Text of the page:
The plumbing of any building, whether for residential or commercial purposes, is one of the most important systems in any construction. So much so that when there’s a plumbing issue, such as leaking or as simple as comfort rooms that don’t function, a place can be shut down. That is why it is important to know the different kinds of pipes, which types would suit a home or an office, and which pipes work best with what. Here are the different pipes used in residential and commercial plumbing: brass, cast-iron, copper, PEX, PVC, and stainless steel.
One of the long-lasting pipes ideal for a plumbing system is brass. It’s malleable, doesn’t cause friction loss, and rust-resistant especially when made of 67-85% copper for maximum durability. Because brass pipes can withstand high temperatures, these are often used for hot-water distribution systems. Plumbing made of brass is also prone to corrosion and is versatile thus frequently made into water tanks, wells, and others.
Cast-iron Plumbing Pipes
Cast-iron pipes are common, but these are the heaviest type of plumbing and so its usage can at times be restricted. Yet, it is designed precisely for handling heavy pressure and delivering large amounts of liquid, which is why it’s generally used for water distribution in commercial settings and sewer lines. Other advantages of cast-iron pipes are its capacity to be fire-resistant and sound-proof. The smallest size is usually at four inches, which is enough for residential purposes.
Traditionally, copper is most used in plumbing because of its extensive reliability and life. Although it is quite expensive and so it’s not usually used for entire plumbing systems, it’s greatly durable and resistant to corrosion, and more versatile than other options. High-pressure situations are not a problem with copper, and it is capable of managing both hot and cold water. Thus, it’s always used for underground plumbing and for refrigerants.
Polyethylene (PEX) Pipe
The newest, and currently most popular, type of pipes used for both residential and commercial places is the cross-linked polyethylene, better known as PEX. Though slightly more costly compared to the rest, it’s low on maintenance and can be installed quickly. It is leak-free, as well. It is rigid enough to endure pressures of water supply but is also flexible to bend around complicated spaces. Unfortunately, it isn’t ideal for the outdoors since its plastic layer might be damaged by UV rays.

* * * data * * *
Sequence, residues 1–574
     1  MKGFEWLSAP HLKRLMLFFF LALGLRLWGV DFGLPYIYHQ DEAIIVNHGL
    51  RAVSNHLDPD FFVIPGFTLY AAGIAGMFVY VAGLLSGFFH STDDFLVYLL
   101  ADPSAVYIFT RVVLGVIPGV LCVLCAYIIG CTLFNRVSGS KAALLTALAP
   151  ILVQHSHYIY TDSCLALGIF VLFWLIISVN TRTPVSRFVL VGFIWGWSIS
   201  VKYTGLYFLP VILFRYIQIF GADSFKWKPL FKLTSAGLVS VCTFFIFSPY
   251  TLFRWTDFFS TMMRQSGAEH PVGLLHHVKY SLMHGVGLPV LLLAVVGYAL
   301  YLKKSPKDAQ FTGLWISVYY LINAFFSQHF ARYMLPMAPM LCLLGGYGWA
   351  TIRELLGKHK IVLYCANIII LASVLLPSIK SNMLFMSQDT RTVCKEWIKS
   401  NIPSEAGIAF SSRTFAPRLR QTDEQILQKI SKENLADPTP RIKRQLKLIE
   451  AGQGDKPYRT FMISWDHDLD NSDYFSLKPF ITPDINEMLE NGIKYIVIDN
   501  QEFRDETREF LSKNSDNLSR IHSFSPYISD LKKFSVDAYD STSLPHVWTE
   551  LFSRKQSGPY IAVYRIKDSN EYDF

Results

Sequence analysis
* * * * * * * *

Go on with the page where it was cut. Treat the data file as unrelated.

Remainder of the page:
Just like PEX pipes, PVC pipes can’t handle heat as much as well, that’s why it’s limited to indoor use. But unlike PEX pipes, PVC pipes aren’t as flexible that fittings are needed if a piping needs to turn. But it’s a commonly used pipe because its price is lower than the rest. PVC pipes are for sewage applications and hot and cold potable water. Very cold temperatures are PVC pipes’ worst enemy; exposure to it will cause a split and then lead to leaks and water damage as a whole.
Stainless steel is among the most expensive plumbing types available. This is the reason why it’s not on top of the list of pipes commonly used commercially, but for specific application, stainless steel can be worth its price. An instance would be with the exposure of seawater where corrosion is at a higher level than usual, as in coastal areas, then stainless steel is the best option. In addition, it is stronger, both flexible and rigid depending on the application.
Pick the best Pipes!
On the other hand, different types of pipes, such as stainless steel, PVC and PEX, copper, cast-iron and bass, are utilized for different operations and areas—whether for residential or commercial. In order to make the best decision about what’s best for you, contact the plumbing authorities to be able to have a knowledgeable input and planning since the kind of pipes you’ll be using will come a long way for your money and health.